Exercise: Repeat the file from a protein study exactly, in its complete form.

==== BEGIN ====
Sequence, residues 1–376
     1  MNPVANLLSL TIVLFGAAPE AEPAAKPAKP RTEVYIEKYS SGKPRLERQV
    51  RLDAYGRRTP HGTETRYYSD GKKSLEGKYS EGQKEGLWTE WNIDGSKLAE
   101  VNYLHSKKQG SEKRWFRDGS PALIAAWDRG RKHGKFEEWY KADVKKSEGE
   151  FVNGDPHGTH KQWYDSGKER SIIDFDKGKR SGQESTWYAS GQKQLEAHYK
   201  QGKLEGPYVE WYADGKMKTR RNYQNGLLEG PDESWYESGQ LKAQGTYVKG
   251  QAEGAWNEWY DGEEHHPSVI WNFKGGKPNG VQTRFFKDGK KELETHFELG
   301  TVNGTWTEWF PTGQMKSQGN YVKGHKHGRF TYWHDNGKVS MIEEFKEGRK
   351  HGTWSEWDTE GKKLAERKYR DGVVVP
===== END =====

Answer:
Sequence, residues 1–376
     1  MNPVANLLSL TIVLFGAAPE AEPAAKPAKP RTEVYIEKYS SGKPRLERQV
    51  RLDAYGRRTP HGTETRYYSD GKKSLEGKYS EGQKEGLWTE WNIDGSKLAE
   101  VNYLHSKKQG SEKRWFRDGS PALIAAWDRG RKHGKFEEWY KADVKKSEGE
   151  FVNGDPHGTH KQWYDSGKER SIIDFDKGKR SGQESTWYAS GQKQLEAHYK
   201  QGKLEGPYVE WYADGKMKTR RNYQNGLLEG PDESWYESGQ LKAQGTYVKG
   251  QAEGAWNEWY DGEEHHPSVI WNFKGGKPNG VQTRFFKDGK KELETHFELG
   301  TVNGTWTEWF PTGQMKSQGN YVKGHKHGRF TYWHDNGKVS MIEEFKEGRK
   351  HGTWSEWDTE GKKLAERKYR DGVVVP